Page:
Asian dominoes: Chronology of a crisis

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The Independent Online
First half 1997: Trading volume in emerging-market debt running at annual rate of $6.08bn, double 1995 volume.

2 July: Despite earlier promises to contrary, Thailand decouples currency from US dollar. Baht plunges.

20 July: International Monetary Fund makes $1bn emergency loan to Philippines.

24 July: Malaysian prime minister attacks George Soros

14 August: Indonesia abandons defense of rupiah.

28 August: Wave of selling hits Asian stocks. Manila down 9.3 per cent. Jakarta 4.5 per cent.

11 September: World Bank calls for reform of East Asian financial systems.

6 October: Yamaichi Securities reportedly asks shareholder Fuji bank for bailout. Fuji distances itself from Yamaichi.

8 October: Indonesia asks IMF for $10bn emergency aid.

23 October: Panic in Hong Kong. Hang Seng index falls 10.4 per cent.

27 October: US Shares plunge 7.2 per cent. New York Stock Exchange suspends trading.

28 October: Dow Jones average rebounds 4.7 per cent.

3 November: Sanyo Securities, mid-sized Japanese stockbroker, files for bankruptcy.

11 November: US Treasury Secretary Robert Rubin urges Tokyo to shore up Japanese bank system.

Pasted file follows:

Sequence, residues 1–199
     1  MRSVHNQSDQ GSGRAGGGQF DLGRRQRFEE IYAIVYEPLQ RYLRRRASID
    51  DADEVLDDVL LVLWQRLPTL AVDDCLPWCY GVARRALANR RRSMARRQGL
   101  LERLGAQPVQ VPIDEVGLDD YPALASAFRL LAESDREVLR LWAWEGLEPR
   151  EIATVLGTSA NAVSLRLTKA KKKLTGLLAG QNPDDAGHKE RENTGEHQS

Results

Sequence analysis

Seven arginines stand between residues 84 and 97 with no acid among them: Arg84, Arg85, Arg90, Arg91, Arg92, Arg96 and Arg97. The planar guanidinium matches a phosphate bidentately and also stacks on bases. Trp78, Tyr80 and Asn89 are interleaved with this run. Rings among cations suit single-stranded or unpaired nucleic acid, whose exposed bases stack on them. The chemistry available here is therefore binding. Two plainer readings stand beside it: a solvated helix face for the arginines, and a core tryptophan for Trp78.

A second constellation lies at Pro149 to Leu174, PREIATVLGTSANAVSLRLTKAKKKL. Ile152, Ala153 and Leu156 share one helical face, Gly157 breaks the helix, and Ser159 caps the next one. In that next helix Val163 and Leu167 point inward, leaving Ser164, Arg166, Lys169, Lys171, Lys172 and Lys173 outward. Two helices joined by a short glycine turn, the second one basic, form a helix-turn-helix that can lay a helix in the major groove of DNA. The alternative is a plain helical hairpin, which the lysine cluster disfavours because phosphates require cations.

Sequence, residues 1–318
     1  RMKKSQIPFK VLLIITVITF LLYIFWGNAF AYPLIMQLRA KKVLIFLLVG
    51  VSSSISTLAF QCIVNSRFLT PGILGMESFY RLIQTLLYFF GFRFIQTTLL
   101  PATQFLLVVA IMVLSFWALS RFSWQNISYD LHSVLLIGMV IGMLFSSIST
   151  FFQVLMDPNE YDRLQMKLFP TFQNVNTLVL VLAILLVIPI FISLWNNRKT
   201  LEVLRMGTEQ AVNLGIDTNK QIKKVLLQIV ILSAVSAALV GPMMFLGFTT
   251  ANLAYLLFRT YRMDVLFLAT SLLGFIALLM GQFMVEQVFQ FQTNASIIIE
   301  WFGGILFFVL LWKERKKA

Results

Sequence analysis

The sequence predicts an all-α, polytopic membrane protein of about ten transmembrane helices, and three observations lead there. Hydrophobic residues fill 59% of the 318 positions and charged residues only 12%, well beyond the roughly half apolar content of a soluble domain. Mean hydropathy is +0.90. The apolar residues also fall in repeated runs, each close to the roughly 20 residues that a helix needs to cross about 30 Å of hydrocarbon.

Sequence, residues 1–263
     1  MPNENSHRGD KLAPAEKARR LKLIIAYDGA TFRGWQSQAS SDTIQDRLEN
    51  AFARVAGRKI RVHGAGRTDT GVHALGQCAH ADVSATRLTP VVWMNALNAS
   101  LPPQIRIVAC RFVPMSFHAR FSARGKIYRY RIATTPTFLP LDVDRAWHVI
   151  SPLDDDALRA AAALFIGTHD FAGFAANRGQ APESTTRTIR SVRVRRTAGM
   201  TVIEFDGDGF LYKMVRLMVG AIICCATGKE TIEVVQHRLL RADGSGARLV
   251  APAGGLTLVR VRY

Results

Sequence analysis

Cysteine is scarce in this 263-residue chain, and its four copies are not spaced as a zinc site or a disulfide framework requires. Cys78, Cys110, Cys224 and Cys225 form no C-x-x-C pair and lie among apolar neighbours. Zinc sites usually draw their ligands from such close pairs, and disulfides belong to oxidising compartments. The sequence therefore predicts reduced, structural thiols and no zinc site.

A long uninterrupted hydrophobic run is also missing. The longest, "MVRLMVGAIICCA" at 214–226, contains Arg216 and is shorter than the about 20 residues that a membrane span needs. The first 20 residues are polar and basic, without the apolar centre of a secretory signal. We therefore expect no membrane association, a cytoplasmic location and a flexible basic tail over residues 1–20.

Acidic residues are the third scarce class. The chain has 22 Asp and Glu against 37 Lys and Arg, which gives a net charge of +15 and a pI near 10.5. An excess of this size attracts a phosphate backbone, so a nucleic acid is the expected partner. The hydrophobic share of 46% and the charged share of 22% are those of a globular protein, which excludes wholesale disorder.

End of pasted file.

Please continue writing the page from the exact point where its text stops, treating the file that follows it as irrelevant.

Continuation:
14 November: Yamaichi Securities denies financial difficulties.

16 November: Japan's 10th largest bank, Hokkaido Takushoku, closes because of bad loans.

20 November: Korea enters negotiations with IMF for $20bn emergency loan.

21 November: International financial firms refuse to extend further credit to Yamaichi. Japan's fourth largest securities house ceases trading in largest Japanese bankruptcy since war.

24 November: Korean stocks fall 7.2 per cent on fears of IMF reforms. Bank of Korea says Seoul may need $50bn from IMF, not $20 bn, biggest ever IMF bailout.

25 November: Tokyo City Bank, a second-tier regional Japanese bank, closes. Japan's stock market down 5.1 per cent.

26 November: News that Hyundai may delay pounds 3bn investment in Scotland.

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